Archbishop O’Toole in Knock: Stop and Listen before the Holy Spirit

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Archbishop Mark O’Toole recently went on pilgrimage to Knock, Ireland, where he gave a homily at the International Eucharistic and Marian Shrine. In his homily he emphasises the need to listen to God, to hear Him whisper the mystery of His love to us.


What a joy and a privilege it is for us to be here today on pilgrimage at this holy Shrine. We know that Our Lady appeared here in August 1879, together with Saint Joseph and Saint John the Evangelist. At the centre of what she gave witness to, was the Eucharistic Lamb of God on the Altar, surrounded by adoring angels.

We come as pilgrims. It is good for us to be together. As we gather here we experience the truth of Jesus anew through the presence and witness of His mother. We are strengthened in the journey of faith. To be a Pilgrim is “to be on the way”. To walk together. Pope Francis encourages us in this ‘walking together’, it is how we build a synodal Church. As we walk together, we deepen anew the teaching of the Second Vatican Council, to walk with Mary in the footsteps of Jesus. We pray for the success of the gathering in Rome which is to begin next month, when representatives from across the globe will come together to continue to reflect on what it means for the Church to walk together. To continue to listen to one another and to discover afresh the presence of the Risen Jesus walking with us. Mary will help point the way.

We know from our experience at this Shrine that it is Mary who always points the way. The Apparition at Knock is unique among all Marian apparitions for several reasons.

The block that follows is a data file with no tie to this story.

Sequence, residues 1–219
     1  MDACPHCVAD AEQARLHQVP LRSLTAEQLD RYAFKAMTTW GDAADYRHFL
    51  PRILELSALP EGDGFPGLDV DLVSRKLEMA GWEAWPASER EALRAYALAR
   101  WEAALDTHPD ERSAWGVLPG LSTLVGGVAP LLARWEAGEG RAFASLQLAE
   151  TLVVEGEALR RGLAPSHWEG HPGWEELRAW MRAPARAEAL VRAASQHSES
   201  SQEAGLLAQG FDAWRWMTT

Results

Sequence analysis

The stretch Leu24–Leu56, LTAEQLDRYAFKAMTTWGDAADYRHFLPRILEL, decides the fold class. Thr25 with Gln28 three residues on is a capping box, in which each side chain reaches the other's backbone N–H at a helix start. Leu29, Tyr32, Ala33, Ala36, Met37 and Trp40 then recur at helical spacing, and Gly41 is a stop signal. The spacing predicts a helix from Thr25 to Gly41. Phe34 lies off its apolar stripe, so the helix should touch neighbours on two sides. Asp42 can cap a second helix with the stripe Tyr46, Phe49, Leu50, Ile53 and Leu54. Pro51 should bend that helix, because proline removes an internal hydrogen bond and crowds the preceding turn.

Firstly, because in this apparition no words were spoken. This silent heavenly vision, teaches us something about faith. The need to stop and to listen before the holy mystery of God and indeed before the mystery of each other.

This silence is not the silence of strangers but of the one who draws close. Mary appeared here at a time when there was immense suffering and difficulty in Europe. There was much hardship, much hunger, much suffering. She came to be silently present to her children. This indicates how we too must be silently present to others. Give them the space to be able to share their story. We need to listen to God, to hear Him whisper the mystery of His love into us. And we need, too, to listen to the reality of those with whom we walk in faith, to listen to those who feel distanced or wounded from the Church and to listen also to those who have no faith to offer them a loving heart and an open ear. Can we be the silent loving presence of Mary to those who suffer in our culture and our world today? This is the core of what the meeting in October is about and what it means to build a synodal Church.

Secondly, we see this apparition took place in the midst of a parish community. In other appearances of Our Lady, she came to an individual or a group of individuals. But here, Mary visited a parish community – women, men, children. There were fifteen official witnesses who gave testimony.